CO2 as Refrigerant
From an environmental perspective, CO2 is a very attractive refrigerant with zero ODP and a GWP of 1. It is a naturally occurring substance and abundant in the atmosphere.
Pressure and temperature
CO2 is a high-pressure refrigerant where high operating pressures are required for efficient operation. During standstill, the ambient temperature can reach and exceed the critical temperature and the pressure can exceed the critical pressure. Hence systems are typically designed to withstand pressures up to 90 bar, or sometimes even equipped with a small standstill condensing unit to keep pressures low.
At the same time, CO2 has a low compression pressure ratio (20 to 50% less than HFCs and ammonia), which improves volumetric efficiency. With evaporation temperatures in the range of -55 ºC to 0 ºC, the volumetric performance of CO2 is for example four to twelve times better than that of ammonia, which allows compressors with smaller swept volumes to be used.
The triple point and critical point of CO2 are very close to the working range. The critical point may be reached during normal system operation. During system service, the triple point may be reached, as indicated by the formation of dry ice when liquid containing parts of the systems are exposed to atmospheric pressure. Special procedures are necessary to prevent the formation of dry ice during service venting.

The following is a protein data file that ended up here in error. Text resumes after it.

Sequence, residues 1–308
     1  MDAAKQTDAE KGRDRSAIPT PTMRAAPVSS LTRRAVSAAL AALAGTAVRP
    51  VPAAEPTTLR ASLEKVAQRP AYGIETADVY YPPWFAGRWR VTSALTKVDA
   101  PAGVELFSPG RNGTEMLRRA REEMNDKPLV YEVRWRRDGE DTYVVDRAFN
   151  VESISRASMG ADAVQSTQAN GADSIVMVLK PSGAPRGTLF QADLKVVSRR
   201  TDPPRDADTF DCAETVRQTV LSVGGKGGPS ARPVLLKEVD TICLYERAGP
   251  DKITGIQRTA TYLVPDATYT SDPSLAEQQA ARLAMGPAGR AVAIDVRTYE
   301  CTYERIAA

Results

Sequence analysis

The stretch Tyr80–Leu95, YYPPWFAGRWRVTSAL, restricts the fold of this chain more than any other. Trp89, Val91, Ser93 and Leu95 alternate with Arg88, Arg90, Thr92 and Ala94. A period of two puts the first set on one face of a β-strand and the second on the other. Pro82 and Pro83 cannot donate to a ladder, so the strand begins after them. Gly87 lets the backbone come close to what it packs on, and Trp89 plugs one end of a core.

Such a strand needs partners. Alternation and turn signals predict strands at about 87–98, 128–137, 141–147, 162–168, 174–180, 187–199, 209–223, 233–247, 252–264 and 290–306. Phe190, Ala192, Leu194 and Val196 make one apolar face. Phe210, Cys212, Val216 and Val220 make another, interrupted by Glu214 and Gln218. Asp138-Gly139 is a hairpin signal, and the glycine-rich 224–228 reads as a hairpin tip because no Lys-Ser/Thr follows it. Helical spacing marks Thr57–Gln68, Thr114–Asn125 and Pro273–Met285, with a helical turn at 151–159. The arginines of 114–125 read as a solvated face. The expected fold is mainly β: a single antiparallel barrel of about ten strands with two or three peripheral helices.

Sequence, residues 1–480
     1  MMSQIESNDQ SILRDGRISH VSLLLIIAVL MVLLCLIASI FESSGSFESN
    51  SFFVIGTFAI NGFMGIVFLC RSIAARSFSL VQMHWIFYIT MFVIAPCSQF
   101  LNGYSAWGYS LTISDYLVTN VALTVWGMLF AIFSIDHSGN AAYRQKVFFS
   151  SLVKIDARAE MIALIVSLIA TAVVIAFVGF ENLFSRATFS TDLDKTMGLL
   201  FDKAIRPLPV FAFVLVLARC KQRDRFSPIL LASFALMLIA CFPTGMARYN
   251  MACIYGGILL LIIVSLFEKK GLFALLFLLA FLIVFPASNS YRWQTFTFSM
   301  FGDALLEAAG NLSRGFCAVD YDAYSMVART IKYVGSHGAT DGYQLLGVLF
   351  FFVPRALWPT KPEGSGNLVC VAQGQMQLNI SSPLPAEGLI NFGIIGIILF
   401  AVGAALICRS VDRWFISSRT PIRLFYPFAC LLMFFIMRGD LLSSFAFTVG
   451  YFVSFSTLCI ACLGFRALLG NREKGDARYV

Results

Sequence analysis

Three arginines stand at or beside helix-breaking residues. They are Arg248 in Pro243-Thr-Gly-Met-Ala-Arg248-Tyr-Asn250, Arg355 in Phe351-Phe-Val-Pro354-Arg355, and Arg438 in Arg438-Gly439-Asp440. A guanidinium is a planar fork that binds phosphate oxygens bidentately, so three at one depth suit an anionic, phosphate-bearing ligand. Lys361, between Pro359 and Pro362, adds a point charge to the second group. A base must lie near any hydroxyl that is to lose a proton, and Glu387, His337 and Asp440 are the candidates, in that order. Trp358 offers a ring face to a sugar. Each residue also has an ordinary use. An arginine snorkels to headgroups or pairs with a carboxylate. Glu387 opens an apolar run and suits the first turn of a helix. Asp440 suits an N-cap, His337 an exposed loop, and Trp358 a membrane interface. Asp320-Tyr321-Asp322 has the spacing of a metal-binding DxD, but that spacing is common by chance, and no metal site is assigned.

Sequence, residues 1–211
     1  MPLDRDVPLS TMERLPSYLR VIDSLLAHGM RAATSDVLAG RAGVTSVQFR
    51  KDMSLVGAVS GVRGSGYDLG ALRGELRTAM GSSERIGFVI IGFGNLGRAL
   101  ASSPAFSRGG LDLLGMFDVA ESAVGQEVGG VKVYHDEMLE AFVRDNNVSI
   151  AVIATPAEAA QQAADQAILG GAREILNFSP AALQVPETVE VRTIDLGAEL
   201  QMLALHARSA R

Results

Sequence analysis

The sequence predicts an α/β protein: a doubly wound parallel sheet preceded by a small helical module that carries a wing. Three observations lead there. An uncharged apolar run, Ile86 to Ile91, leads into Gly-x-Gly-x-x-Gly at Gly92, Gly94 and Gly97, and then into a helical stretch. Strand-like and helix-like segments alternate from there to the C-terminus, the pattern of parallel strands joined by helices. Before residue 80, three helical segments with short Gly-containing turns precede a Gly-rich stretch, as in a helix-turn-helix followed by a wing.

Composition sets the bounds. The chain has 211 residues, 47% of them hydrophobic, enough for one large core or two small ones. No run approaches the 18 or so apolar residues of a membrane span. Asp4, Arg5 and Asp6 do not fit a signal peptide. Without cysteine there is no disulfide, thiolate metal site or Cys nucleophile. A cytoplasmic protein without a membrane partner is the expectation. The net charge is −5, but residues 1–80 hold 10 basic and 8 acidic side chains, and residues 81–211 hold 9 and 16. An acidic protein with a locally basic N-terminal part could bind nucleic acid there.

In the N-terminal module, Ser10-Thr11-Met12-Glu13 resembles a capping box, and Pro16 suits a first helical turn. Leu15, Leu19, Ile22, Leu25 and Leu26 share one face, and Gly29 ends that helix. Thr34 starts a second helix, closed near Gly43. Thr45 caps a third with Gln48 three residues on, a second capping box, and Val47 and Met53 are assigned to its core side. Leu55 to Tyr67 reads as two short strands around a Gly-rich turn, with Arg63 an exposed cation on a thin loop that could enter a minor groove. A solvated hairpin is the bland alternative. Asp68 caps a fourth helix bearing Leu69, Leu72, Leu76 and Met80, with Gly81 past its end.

CO2 does not react with common metals or with Teflon®, PEEK, or neoprene components. However, it diffuses into elastomers and can cause swelling with butyl rubber (IIR), nitrile rubber (NBR), and ethylene-propylene materials (EPDM).
The density of liquid CO2 is about 1.5 times that of ammonia, resulting in higher mass charge in evaporators, such as large plate chillers in large industrial systems. Higher density means higher oil circulation as well, which in turn requires effective oil separators for industrial systems.
CO2 is a by-product in a number of industries, so the price of CO2 is low. However, CO2 systems tend to be more expensive than traditional systems due to higher pressures (in transcritical systems) or increased complexity (in both transcritical and subcritical systems). Complexity of systems seems to be decreasing with the entrance of Booster systems and as the number of CO2 installations has increased, history has shown that the cost approaches the cost of the reference systems using HFCs.
Secondary, large CO2 systems, especially in industrial refrigeration, may be less expensive to build than their glycol counterparts and thus offer lower initial and life-cycle costs.
Unlike most other refrigerants, CO2 is used in practice in three different refrigeration cycles:
Subcritical (cascade systems)
Transcritical (CO2-only systems)
Secondary fluid (CO2 used as a volatile brine)
The technology used depends on the application and the intended location of the system. There are a several applications where CO2 is attractive and already widely used today:
Industrial refrigeration. CO2 is generally used in combination with ammonia, either in cascade systems or as a volatile brine
Danfoss believes that CO2 will be the main refrigerant in multipack commercial refrigeration systems. The F-gas regulation is a clear push in this direction.
CO2 systems can also be extended to cover heat recovery. In many cases the extra investment for gaining the waste heat is negligible and several cases have demonstrated that.